For BlueRock’s part, says Kamfar, the REIT is in the top 40 markets below the leading coastal cities, such as New York City, San Francisco and Washington, DC. “In those gateway cities we find a lot of capital chasing deals, and valuations to be expensive, at cap rates of 3.5% to 4%,” he says. “Geographically, we’re not in the Midwest, because they lack strong job growth on a percentage basis.” In short, the firm looks for markets that will deliver high disposable-income jobs – such as in the fields of healthcare, education, technology, finance, trade, entertainment and high value manufacturing – for the foreseeable future.
The peril of larger markets is also clear to Matt Nix, principal of REVA Development Partners. “In Chicago, the Downtown class A rental market could be on the brink of overheating with approximately 8,000 units scheduled to deliver through 2017. That is one of the main reasons our focus is on the inner-ring suburbs.”
Nevertheless, urban communities are where most multifamily investors and developers are putting their efforts. “The number of apartment units inside CBDs jumped 19.5% from about 1.4 million units in 2005 to 1.6 million units in 2015,” according to MPF Research. “This increase marks a rate of more than double that of unit growth in the suburbs.”
During a panel discussion at the National Multi Housing Council’s 2016 Apartment Strategies Conference, Holland Partner Group chairman and CEO Clyde Holland said, “We only want to build in absolutely high-quality living environments in the urban core – and that’s it. As traffic gets worse and more expensive in terms of time and cost, there’s more demand for urban core product.”
High Street Residential, a subsidiary of Trammell Crow Co., sees the appeal of cities too, principal Josh Dix tells Real Estate Forum. “In Dallas/Ft. Worth, twice as many jobs are being created during the current economic cycle compared to last. With population growth exceeding 160,000 per year, the supply of new units is not meeting the demand.”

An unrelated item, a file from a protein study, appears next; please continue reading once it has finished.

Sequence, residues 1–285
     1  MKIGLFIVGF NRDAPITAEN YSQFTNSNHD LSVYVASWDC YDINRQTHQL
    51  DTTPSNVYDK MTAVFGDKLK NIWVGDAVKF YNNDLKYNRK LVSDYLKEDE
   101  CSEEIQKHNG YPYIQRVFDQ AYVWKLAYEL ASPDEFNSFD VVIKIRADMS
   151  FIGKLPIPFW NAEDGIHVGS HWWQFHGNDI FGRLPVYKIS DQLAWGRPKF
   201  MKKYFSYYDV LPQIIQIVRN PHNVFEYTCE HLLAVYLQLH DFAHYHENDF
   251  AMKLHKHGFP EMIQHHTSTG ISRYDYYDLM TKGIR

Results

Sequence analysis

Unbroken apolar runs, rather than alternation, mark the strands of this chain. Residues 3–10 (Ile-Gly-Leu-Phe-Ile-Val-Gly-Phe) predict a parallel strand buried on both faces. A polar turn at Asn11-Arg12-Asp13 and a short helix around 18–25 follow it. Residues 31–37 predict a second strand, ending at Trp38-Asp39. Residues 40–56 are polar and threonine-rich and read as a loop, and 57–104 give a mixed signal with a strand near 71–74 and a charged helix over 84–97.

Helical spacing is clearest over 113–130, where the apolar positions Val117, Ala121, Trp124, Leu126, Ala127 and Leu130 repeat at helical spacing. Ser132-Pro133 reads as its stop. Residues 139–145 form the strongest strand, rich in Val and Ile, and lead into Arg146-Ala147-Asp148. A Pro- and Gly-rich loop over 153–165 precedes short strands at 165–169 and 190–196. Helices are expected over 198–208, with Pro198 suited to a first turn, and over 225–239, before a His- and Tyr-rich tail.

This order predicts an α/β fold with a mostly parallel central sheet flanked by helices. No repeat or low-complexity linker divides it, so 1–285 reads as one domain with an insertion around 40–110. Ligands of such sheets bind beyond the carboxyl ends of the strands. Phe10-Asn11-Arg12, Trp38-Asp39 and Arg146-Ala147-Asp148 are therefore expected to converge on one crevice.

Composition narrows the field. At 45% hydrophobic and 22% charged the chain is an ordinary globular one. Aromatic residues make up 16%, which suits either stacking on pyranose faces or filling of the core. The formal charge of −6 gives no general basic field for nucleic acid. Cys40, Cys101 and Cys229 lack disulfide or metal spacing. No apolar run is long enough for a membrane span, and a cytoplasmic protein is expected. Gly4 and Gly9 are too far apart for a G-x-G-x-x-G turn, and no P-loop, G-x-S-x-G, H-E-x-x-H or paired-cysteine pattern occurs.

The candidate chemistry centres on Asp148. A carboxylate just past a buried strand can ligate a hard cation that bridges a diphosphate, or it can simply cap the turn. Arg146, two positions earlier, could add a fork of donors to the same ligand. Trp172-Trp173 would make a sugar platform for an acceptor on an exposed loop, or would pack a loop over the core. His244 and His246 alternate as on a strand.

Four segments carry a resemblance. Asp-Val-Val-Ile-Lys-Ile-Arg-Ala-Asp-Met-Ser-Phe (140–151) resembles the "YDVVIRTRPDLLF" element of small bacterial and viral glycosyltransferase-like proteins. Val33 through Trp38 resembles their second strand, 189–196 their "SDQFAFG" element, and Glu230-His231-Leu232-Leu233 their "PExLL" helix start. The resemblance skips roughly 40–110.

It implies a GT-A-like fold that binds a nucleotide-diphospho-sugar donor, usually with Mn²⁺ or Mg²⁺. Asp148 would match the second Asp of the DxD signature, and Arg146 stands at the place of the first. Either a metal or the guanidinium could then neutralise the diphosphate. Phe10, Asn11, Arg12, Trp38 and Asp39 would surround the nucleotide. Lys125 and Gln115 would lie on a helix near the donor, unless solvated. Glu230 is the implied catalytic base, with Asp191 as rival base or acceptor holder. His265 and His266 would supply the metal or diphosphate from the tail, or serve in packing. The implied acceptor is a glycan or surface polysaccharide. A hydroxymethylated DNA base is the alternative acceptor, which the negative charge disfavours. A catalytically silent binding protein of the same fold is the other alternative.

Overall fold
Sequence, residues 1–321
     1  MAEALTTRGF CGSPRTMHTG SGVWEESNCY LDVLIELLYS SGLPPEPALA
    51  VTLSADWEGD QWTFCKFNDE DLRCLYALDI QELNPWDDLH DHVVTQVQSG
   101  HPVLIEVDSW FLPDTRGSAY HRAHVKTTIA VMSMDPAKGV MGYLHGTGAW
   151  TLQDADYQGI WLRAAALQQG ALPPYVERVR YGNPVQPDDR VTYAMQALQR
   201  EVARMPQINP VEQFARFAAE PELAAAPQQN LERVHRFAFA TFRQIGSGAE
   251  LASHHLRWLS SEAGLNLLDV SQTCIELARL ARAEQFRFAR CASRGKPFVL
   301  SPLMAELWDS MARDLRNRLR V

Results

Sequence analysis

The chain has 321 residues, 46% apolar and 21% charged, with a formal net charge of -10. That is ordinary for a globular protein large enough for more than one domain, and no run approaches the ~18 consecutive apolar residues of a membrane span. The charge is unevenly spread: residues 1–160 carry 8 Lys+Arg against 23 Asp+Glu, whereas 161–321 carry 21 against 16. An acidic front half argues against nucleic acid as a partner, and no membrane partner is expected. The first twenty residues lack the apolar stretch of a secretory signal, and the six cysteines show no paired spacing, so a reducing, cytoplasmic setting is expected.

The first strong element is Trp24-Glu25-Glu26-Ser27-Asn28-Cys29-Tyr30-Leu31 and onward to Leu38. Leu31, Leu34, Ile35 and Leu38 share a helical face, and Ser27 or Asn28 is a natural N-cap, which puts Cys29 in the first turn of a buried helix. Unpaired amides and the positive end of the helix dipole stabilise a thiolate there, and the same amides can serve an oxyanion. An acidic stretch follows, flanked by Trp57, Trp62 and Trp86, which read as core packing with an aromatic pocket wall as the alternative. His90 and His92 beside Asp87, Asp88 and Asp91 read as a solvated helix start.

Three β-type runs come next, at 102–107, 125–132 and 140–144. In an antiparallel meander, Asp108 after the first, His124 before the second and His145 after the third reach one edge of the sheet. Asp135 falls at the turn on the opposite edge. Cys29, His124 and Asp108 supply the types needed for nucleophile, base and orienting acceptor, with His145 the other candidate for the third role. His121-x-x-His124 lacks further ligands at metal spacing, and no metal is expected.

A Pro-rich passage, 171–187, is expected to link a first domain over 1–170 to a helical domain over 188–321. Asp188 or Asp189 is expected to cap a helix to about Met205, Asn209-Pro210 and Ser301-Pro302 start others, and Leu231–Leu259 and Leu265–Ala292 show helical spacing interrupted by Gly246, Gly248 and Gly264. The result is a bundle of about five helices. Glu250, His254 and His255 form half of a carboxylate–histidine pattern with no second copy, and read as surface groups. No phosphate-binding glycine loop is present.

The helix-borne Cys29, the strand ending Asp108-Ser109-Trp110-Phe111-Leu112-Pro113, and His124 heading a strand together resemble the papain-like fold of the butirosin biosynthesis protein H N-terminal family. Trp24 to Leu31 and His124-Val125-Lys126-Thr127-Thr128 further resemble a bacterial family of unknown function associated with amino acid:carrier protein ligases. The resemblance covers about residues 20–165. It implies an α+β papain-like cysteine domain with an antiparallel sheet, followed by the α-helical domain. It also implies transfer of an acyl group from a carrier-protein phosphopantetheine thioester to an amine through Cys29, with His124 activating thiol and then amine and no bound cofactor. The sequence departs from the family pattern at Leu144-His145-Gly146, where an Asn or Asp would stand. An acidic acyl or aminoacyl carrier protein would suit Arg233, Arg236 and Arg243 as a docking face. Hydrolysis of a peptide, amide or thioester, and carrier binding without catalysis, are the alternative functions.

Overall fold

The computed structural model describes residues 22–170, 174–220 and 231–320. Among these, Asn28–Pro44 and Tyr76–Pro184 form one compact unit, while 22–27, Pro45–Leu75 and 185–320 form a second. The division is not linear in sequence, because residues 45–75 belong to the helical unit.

In Washington, DC, he continues, “The media declared that the area had a glut of apartments in 2013. However, concern of an overheated market at the time failed to take into account many of the fundamental changes that continue to benefit the multifamily industry. DC experienced record absorption in 2013, ’14 and ’15.”
Adds Kaufman, “The highest concentration of multifamily development over the next four years is projected to occur in New York, Nashville, Seattle, San Francisco, Washington, DC, and Charlotte. So far, apartment demand and household formation in these markets has kept pace with development, and demographics for continued strong absorption remain favorable.”
Much depends, though, on where rents are headed and what apartment dwellers can afford.
“Wage growth has not kept up with rent growth coming out of the recession,” Kaufman points out. “This affordability squeeze is unfortunately making it harder for aspiring homeowners to save up for a home loan down payment.”